The whole gauzy, cozy feeling, darkening the edges to make your vision more myopic ... it's a prescription for a bad 60s porn movie. —cinematographer Ellen Kuras in Vanity Fair on Thomas Kinkade's instructions for filming The Christmas Cottage
Thomas Kinkade likes Barry Lyndon a lot. Or enough at least to reference it twice in the space of 16 guidelines he devised for establishing an appropriate "painter of light" mood for his inspirational debut feature The Christmas Cottage (out on video last week under the DVD rubric Thomas Kinkade's Home for Christmas).
Would Stanley Kubrick be flattered? Consider guideline four: "Create an overall sense of soft edges, strive for a 'Barry Lyndon' look. Star filters used sparingly, but an overall 'gauzy' look preferable to hard edge realism." Which turns Barry into a luminous Hallmark greeting cum Kodak commercial, all soda water and fuzz, not much "darkness visible" behind the guttering candelabras. Or guideline nine: "Intimate scenes [should] be balanced by deeper establishing shots. (I know this particular one is self-evident, but I am reminded of it as I see the pacing of the depth of field in Kubrick's 'Barry Lyndon')." Say what?—as in "Take 20 paces and fire when ready, gentlemen." But presumably Kubrick had more on his interior-decorator's mind than the tit-for-tat functionalism of the shots.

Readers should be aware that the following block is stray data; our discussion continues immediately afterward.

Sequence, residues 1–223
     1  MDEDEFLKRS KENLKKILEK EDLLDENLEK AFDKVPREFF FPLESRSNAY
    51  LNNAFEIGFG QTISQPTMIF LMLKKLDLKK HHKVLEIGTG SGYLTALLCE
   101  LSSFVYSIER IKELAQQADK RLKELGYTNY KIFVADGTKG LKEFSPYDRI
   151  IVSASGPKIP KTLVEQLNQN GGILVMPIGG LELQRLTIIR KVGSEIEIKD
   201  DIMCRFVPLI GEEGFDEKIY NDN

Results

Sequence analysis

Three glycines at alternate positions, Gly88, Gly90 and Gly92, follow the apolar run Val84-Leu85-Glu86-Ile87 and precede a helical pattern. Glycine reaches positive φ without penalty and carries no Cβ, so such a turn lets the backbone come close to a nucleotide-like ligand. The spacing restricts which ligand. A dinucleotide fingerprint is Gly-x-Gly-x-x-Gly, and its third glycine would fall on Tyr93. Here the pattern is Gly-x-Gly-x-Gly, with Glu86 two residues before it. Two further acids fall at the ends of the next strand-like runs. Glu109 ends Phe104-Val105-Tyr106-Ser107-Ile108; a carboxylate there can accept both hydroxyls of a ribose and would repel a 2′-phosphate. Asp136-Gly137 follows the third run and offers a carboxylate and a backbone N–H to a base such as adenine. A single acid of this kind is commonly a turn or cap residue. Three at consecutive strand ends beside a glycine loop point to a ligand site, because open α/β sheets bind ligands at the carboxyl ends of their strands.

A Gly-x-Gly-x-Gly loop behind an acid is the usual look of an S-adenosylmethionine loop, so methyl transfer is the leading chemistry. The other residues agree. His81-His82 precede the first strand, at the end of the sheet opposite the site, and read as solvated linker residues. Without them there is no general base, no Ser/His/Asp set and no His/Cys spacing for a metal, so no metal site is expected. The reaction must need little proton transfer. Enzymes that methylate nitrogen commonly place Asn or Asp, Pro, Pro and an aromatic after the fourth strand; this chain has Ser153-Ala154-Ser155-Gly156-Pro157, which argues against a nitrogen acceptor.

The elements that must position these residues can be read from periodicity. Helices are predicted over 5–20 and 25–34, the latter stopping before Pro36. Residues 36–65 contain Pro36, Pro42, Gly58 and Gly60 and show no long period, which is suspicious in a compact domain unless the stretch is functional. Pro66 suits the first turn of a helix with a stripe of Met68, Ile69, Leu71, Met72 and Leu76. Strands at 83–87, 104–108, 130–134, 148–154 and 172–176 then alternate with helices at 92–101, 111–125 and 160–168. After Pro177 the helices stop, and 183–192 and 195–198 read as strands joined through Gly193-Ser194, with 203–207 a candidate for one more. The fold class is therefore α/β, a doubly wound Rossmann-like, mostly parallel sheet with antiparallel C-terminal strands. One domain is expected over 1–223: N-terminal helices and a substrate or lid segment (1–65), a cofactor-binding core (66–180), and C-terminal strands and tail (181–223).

A Riverside Art Museum curator says that "putting Thomas Kinkade in an art-historical context is like trying to put Jack Chick in the context of the illustrated comic strip," but I say that's just being nasty. And arguably Kinkade's guideline 16 has the ineffable last word: "Remember: 'Every scene is the best scene.'"
Uttered like a true beginner ... eat your heart out Warner Sallman.